Whatever happened to the Youth Olympics finalists – Aside #2

Whatever happened to the Youth Olympics finalists – Aside #2

The Youth Olympic Games are a recent
invention. The first Summer Olympic was held in 2010 in Singapore. The second one followed up in 2014, in Nanjing. Olympics are the holy grail of rhythmic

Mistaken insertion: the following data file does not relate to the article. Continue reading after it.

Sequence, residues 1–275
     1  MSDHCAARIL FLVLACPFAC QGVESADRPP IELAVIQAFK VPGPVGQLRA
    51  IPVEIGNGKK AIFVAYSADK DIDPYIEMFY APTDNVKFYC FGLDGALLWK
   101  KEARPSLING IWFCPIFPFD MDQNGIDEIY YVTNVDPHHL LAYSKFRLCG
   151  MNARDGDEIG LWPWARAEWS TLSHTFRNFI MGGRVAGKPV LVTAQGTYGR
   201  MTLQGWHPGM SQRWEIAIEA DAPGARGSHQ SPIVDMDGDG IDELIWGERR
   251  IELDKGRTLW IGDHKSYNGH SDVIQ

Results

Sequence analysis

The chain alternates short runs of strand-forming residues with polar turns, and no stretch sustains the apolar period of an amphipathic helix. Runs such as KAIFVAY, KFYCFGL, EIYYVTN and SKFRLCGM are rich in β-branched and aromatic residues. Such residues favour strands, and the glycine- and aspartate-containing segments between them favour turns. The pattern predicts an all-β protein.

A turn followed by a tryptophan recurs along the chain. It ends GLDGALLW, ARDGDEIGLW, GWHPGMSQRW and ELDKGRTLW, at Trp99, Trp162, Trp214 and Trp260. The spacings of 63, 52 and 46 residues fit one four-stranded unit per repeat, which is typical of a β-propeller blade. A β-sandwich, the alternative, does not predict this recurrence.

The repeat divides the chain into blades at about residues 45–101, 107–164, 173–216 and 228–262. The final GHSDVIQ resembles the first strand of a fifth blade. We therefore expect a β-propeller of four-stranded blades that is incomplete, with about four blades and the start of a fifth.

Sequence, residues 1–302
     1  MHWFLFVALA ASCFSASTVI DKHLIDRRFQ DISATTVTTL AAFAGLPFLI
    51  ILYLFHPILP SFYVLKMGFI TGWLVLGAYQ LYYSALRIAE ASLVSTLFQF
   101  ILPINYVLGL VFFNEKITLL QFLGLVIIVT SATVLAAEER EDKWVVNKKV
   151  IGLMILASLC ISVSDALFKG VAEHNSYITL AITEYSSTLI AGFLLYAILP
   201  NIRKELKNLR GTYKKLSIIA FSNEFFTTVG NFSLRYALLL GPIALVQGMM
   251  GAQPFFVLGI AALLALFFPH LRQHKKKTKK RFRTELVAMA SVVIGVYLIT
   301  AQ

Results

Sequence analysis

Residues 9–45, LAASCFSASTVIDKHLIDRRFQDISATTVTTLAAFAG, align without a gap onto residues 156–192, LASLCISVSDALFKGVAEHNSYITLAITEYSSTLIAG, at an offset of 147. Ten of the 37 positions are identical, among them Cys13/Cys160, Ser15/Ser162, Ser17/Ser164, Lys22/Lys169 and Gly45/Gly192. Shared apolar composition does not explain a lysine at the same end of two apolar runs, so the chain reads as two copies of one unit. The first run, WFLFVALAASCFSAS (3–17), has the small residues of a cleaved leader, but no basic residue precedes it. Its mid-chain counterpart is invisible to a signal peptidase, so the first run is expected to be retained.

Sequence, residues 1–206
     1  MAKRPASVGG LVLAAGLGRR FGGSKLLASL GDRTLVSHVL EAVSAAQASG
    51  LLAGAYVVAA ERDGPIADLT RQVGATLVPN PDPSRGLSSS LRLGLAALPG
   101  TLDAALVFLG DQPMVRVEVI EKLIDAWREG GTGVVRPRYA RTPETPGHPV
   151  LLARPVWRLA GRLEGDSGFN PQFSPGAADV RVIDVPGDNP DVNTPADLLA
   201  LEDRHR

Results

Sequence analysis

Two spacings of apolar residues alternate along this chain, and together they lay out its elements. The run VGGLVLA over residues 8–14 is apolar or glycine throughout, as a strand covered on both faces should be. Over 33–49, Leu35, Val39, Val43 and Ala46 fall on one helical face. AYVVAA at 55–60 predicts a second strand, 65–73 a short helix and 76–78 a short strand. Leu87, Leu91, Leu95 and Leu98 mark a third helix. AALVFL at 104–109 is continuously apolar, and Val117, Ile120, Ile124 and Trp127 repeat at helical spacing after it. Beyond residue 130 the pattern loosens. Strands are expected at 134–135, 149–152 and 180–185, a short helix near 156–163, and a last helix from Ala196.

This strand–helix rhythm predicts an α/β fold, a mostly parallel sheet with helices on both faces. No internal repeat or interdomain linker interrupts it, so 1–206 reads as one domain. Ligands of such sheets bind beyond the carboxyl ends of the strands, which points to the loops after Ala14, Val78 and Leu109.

gymnastics. ‘This is the Holy Grail.’ It’s clearly easier for a gymnast in the national team to compete in a World or Continental championships than to go to the Olympics. In 2010, at the 1st edition of the YOG, many girls surely dreamed about the “real” Olympics. It was objectively understandable: they were only 15 or 14, so Rio 2016 and even London 2012 were possible goals. The first Youth Olympics were won by Alexandra Merkulova of Russia. A year later she was already senior World Champion in team competition and in 2012 she became European vice-champion. However, her career fizzled out in a cycle of injuries. Daria Dmitrieva was sent to the Olympics instead of Alexandra Merkulova. Then Yana Kudryavtseva took her place at the 2013 European Championships. She retired in 2014, at 19 years old. Four years ago, Irina Annenkova of Russia won the Youth Olympics. I had a dream to one day get to compete at the Olympic Games. She’s born in 1999, but it’s hard to imagine a scenario in which she becomes a world leader in the insanely competitive Russian team. The Belarusian Arina Charopa, silver medallist in 2010, was a valued team member, but never could challenge Melitina Staniouta and Katsiaryna Halkina for the top individual spots in her country. She retired in 2016 after several medal in World team events. Mariya Trubach, the second Belorussian silver medallist in 2014, seems to take the same path, though she has a bronze medal from the 2017 Universiade. The only winners who became Olympians are the two bronze medallists : the German Jana Berezko-Marggrander and the American Laura Zeng. Anastasia Kisse from Bulgaria had her career cut short by back problems. Lee Wan Nin of Malaysia was fourth, but only made it to one World Championships, like the American Polina Kozitskiy. Viktoria Shynkarenko of Ukraine finished her career in 2014, after winning two bronze medals at World Championships, one in individual team, one in group. The Israeli Victoria Veinberg Filanovsky became a member of the close gymnastics elite, yet she saw her Olympic dreams slipping away in Stuttgart 2015. She retired in 2017. The edition is more recent and the gymnasts were only 16 or 17 in 2016, so it is difficult to draw any relevant conclusions. Ana Luiza Filiorianu is currently the only one from the 2014 edition, with Laura Zeng, who has participated in the Olympics. However, come one name who absolutely did convert its junior excellence to the senior circuit: the Israeli Linoy Ashram. Indeed, she is currently a medal favourite in Tokyo 2020, with already two world all-around medals. Valeriya Khanina from Ukraine finished sixth. She is currently part of the Ukrainian group who won two European and one World Championships medals this year. For the the Moldavian Nicoleta Dulgheru and the Uzbekistan Anora Davlyatova, (although she won a gold medal at the Asian Championships in team event), the Youth Olympics was probably their zenith. The Canadians Katrina Cameron and Anjelika Reznik, bronze medallists in 2010, finished 11th at the 2012 Olympics qualification. The 2010 Russian junior group was the foundation of the 2012 Olympic gold medalist Russian unit. Presenter : ‘So Team Russia picks up the gold medal